Functions > Vector and Matrix > Array Characteristics > Example: Downsampling a Vector
Example: Downsampling a Vector
Use the following method for picking every nth element from a data vector, starting with the first element. This demonstrates the effects of excessive downsampling (Nyquist's theorem).
1. Define the period and the sampling frequency.
2. Create a signal vector.
3. Define an integer n which is smaller than the length of vector v.
4. Use vector indexing to extract every nth element of vector v.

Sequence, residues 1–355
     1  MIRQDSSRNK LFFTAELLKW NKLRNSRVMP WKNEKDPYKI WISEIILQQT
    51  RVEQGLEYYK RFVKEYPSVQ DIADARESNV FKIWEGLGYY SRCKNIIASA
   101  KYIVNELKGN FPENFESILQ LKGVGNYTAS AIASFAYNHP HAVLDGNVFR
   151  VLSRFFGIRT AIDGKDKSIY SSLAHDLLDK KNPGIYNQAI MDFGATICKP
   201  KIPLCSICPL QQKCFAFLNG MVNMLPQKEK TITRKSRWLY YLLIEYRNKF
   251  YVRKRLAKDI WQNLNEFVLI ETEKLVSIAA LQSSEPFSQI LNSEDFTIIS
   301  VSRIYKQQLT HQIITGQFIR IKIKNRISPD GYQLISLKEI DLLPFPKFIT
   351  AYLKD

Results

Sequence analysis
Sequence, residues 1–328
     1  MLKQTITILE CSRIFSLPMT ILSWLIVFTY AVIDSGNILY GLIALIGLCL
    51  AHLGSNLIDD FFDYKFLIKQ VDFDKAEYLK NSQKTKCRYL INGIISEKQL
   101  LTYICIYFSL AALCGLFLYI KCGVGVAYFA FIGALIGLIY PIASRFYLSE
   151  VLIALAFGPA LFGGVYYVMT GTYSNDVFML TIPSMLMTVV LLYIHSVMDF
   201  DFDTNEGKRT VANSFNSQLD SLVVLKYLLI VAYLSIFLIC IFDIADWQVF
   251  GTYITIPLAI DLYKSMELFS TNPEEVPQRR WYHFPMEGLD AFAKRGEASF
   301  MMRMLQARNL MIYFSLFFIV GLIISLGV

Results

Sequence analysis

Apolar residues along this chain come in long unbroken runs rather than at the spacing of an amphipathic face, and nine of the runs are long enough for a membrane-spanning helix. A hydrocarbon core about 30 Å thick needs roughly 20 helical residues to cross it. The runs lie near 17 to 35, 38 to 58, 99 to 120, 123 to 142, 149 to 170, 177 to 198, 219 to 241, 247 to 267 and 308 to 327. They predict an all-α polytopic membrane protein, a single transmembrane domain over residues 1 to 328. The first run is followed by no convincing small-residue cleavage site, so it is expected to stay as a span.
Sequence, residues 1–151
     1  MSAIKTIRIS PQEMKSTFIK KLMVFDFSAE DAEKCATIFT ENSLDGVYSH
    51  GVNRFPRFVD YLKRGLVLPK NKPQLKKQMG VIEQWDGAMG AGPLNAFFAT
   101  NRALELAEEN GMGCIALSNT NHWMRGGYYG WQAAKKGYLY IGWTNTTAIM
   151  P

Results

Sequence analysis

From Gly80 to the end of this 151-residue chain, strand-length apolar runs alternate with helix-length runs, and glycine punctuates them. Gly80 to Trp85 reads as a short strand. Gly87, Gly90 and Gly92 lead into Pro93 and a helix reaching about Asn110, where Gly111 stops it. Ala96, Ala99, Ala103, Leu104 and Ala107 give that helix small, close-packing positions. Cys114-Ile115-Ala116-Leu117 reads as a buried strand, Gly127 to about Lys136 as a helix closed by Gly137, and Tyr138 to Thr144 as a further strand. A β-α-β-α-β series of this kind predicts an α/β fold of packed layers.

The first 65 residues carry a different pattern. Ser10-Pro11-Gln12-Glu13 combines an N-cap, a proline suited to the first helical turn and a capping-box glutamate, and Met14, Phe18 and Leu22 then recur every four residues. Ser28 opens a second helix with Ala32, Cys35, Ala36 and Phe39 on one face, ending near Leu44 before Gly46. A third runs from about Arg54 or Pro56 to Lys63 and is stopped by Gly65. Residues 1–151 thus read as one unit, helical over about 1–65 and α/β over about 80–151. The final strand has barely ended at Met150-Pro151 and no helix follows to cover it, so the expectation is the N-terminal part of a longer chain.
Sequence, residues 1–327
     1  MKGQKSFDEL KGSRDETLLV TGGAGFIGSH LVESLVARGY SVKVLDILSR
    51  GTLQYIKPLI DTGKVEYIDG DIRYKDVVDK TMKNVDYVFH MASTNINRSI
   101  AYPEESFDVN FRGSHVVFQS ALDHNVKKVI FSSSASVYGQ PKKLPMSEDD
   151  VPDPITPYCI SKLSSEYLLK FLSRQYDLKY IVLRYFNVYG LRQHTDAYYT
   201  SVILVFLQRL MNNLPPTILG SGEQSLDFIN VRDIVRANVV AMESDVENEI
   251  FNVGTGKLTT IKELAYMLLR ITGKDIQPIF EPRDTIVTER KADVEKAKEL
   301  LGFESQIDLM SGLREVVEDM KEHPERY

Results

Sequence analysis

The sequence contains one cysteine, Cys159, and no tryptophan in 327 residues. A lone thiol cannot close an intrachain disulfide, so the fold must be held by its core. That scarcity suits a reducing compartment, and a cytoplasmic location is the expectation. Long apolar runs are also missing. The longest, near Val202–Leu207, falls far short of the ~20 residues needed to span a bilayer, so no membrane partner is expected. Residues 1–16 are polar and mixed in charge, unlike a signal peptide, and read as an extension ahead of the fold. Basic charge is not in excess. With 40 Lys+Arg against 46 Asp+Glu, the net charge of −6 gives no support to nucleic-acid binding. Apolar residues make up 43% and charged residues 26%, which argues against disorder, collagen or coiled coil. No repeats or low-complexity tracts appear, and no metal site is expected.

5. Plot the original and downsampled traces.
When the new sampling rate is too slow (infrequent), the signal can look very distorted (try n = 15), disappear entirely (only sampling the 0 points - try n = 16), or aliasing can occur, that is, the signal appears to be of an incorrect frequency (n = 28, shown), because there aren't enough samples to accurately represent the information in the signal.
Sampling has consequences for any numerical algorithm which is approximating a result at discrete intervals, such as the fast fourier transform, or differential equation solvers.
To downsample a signal properly without aliasing, the signal must be lowpass filtered with a cutoff of p/n before removing every nth point. For details, see Oppenheim and Schafer, Discrete Time Signal Processing, Prentice Hall, pp 102-105, ©1989.